As well as changing my style of presentation, I have also become a little more discerning in choosing what I do. I do not want to turn up to a school simply to tell pupils this is what the course looks like, these are the modules and here are a few examples of the sorts of things we teach at the university. That does nothing to build enthusiasm, it says nothing about our teaching and quite frankly, its boring, both for me and the audience.
Whilst I will turn up to a school to take a session for pupils who have been told that they have a class taken by a visitor, I much prefer those sessions where the pupils have volunteered to attend. Non-compulsory classes such as after school events are filled with students who are there because they have an interest and the enthusiasm shines through.
Whilst recognising marketing have a place in arranging school visits, particularly new ones, I have found that more of my time is taken up revisiting schools at their request. My visits have extended outside of the county into neighbouring counties and even as far as Norfolk. Students can go to university anywhere so why not spread the word about criminology anywhere. And just to prove that students are never too young to learn, primary school visits for a bit of practical fingerprinting have been carried out for a second time. Science day is great fun, although I’m not sure parents or carers are that keen on trying to clean little inky hands (I keep telling them its only supposed to be the fingers), I really must remember not to use indelible ink!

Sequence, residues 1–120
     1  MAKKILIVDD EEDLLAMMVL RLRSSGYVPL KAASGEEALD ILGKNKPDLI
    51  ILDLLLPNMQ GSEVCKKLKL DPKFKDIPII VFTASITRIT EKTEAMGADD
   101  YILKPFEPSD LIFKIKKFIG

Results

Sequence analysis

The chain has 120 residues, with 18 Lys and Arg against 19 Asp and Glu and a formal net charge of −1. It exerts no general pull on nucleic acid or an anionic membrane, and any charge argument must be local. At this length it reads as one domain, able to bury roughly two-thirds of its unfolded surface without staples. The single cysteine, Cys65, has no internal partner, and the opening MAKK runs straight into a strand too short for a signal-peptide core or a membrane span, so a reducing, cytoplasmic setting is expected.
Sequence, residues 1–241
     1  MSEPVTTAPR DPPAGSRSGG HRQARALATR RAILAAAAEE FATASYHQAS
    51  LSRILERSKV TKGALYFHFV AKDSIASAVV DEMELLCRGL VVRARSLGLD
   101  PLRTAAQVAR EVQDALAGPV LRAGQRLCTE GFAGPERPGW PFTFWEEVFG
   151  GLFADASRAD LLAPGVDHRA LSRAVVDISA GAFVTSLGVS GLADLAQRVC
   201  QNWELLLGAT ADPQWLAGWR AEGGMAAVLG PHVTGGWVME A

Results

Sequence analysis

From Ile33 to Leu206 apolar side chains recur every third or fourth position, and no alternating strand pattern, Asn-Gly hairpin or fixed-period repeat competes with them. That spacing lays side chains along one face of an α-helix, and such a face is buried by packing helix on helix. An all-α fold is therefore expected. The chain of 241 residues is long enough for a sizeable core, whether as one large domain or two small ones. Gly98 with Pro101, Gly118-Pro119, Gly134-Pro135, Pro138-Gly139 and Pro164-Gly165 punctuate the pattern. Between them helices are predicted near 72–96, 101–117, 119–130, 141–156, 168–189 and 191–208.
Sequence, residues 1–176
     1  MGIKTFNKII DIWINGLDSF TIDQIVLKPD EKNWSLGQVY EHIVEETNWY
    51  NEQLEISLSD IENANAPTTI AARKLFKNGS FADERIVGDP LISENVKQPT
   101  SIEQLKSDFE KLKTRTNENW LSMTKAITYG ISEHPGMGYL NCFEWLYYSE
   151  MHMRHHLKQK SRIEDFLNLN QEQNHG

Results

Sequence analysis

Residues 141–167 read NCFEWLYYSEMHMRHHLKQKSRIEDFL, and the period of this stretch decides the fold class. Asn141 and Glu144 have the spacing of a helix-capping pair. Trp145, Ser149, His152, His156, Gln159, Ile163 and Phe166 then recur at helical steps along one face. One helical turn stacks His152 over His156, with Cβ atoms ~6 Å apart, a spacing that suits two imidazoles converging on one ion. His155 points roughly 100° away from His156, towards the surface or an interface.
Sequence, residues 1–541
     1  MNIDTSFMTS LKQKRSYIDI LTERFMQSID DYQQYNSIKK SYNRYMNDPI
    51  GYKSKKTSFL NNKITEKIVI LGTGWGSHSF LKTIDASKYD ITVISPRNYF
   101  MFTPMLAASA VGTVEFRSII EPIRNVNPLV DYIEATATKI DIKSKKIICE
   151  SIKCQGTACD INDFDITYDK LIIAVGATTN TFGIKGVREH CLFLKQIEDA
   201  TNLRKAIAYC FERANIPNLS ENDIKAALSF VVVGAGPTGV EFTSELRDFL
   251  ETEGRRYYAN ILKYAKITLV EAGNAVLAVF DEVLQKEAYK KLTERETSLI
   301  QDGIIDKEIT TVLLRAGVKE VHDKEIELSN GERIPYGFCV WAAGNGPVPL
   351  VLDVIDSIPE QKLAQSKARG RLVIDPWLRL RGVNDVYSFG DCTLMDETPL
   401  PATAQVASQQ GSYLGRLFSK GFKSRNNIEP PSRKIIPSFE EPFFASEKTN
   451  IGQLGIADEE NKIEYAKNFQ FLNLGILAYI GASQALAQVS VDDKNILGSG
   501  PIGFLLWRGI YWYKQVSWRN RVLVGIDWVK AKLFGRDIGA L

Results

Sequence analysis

My name is Robyn Mansfield and I studied Criminology at the University of Northampton from 2013 to 2016. In 2016 I graduated with a 2:2. The University of Northampton was amazing and I learnt some amazing things while I was there. I learnt many things both academic and about myself. But I honestly had no idea what I wanted to do next. I went to University wanting to be a probation officer, but I left with no idea what my next step would be and what career I wanted to pursue.